Simple Pitta Bread Recipe

Simple Pitta Bread with Zaatar Recipe from Housewife Confidential

We are bread lovers. From our daily loaf of sourdough to the stuffed picnic bread we make on special occasions and everything in between.

I first made flat breads after my friend Joslyn shared her recipe a few years ago along with the instruction to roll the bread out on a board scattered with za’atar. Not only did she awaken my interest in flat breads but she also hooked me up with my first bag of za’atar.

Za’atar is an amazing herb and spice mix used across the Middle East. While the mix varies depending on who is mixing it you will normally find thyme, sumac and sesame seeds along with other spices. It is great in a whole range of dishes not least as a topping for pitta.

Simple Pitta Bread with Zaatar Recipe from Housewife Confidential

I tend to make pitta when we are eating falafel and we have time to spare on the preparation side or conversely when we have run out of bread for lunch boxes and we need some quickly. It’s all about perspective! Lately we’ve been having turkey burgers in hot pitta pockets – let me know if you’d like the recipe!

I was recently sent a pot of za’atar and a selection of flavoured oils by Terra Rossa who specialise in Arabian foods. As soon as I saw it I knew that they would go really well together so I made a simple dinner party starter of za’atar rolled pitta and added the oils for dipping. Really easy and delicious.

Simple Pitta Bread with Zaatar Recipe from Housewife Confidential

Easy Pitta Bread with Za’atar

1 tsp / 7g packet dried yeast

300ml luke warm water

560g strong white bread flour (with wholemeal you might need a touch more water on hand)

Pinch of salt

A big glug of olive oil

Za’atar

  • Mix the yeast into the water with a fork and set aside until it froths up a little.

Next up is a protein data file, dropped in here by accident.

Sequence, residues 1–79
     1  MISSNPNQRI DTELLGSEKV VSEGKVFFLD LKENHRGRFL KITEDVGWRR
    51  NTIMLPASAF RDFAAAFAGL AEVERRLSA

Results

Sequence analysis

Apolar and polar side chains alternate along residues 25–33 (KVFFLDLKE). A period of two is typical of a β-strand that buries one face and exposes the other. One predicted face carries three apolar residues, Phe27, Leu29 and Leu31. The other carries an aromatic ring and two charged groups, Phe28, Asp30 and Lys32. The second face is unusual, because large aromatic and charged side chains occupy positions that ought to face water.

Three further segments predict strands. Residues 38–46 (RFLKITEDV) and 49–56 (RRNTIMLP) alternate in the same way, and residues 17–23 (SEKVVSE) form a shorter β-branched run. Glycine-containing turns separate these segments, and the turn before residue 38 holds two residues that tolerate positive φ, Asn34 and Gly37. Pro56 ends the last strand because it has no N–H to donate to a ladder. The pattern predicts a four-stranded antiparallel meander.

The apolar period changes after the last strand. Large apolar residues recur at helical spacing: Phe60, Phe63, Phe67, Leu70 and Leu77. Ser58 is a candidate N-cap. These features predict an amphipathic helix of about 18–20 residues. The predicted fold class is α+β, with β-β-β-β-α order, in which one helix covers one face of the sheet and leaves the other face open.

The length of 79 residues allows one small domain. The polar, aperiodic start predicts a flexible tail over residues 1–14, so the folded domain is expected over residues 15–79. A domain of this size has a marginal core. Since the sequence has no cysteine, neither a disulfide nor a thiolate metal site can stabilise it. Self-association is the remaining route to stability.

• Put the dry ingredients, flour and salt, into a large mixing bowl then add the yeast mixture and olive oil.
  • Bring the mixture together with a fork or your fingers and when it forms a dough knead it together until you have a silky dough.
  • Put it back in the bowl and leave it to prove for half an hour to forty five minutes depending on the air temperature.
  • Once it has risen divide the dough into ten equal balls.
  • Flour your work surface and cover a side plate with the za’atar.
  • Roll each ball lightly in the za’atar before rolling out flat. I tend to cook each pitta once it’s rolled to keep things moving along.
  • Heat your largest frying or griddle pan over a medium flame.
  • Lay your rolled out dough in the pan and allow to cook for a minute or two – little blisters will appear on the surface. Flip it over and cook for 30 seconds to a minute before flipping it back to the original side. At this point your pitta should puff up with air (this is totally my favourite bit).
  • Whip the pitta off the heat and lay on a wooden board. To make life easier I often run a knife into them at this point if I’m going to use them as pitta pockets.
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1 Comment

  • Reply Kelly November 24, 2014 at 11:54 am

    Hungry now.
    Kelly recently posted…Make it: Advent Bunting TutorialMy Profile

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